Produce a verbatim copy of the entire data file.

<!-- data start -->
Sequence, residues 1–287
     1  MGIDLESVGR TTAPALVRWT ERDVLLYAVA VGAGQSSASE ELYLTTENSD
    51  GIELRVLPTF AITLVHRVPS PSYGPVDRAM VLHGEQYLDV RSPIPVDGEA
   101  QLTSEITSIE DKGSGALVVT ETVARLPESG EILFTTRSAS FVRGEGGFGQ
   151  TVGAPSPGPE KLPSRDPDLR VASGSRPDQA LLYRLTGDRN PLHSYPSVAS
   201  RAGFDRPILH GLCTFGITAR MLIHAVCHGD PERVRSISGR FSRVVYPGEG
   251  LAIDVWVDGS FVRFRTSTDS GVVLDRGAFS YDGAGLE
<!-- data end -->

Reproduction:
Sequence, residues 1–287
     1  MGIDLESVGR TTAPALVRWT ERDVLLYAVA VGAGQSSASE ELYLTTENSD
    51  GIELRVLPTF AITLVHRVPS PSYGPVDRAM VLHGEQYLDV RSPIPVDGEA
   101  QLTSEITSIE DKGSGALVVT ETVARLPESG EILFTTRSAS FVRGEGGFGQ
   151  TVGAPSPGPE KLPSRDPDLR VASGSRPDQA LLYRLTGDRN PLHSYPSVAS
   201  RAGFDRPILH GLCTFGITAR MLIHAVCHGD PERVRSISGR FSRVVYPGEG
   251  LAIDVWVDGS FVRFRTSTDS GVVLDRGAFS YDGAGLE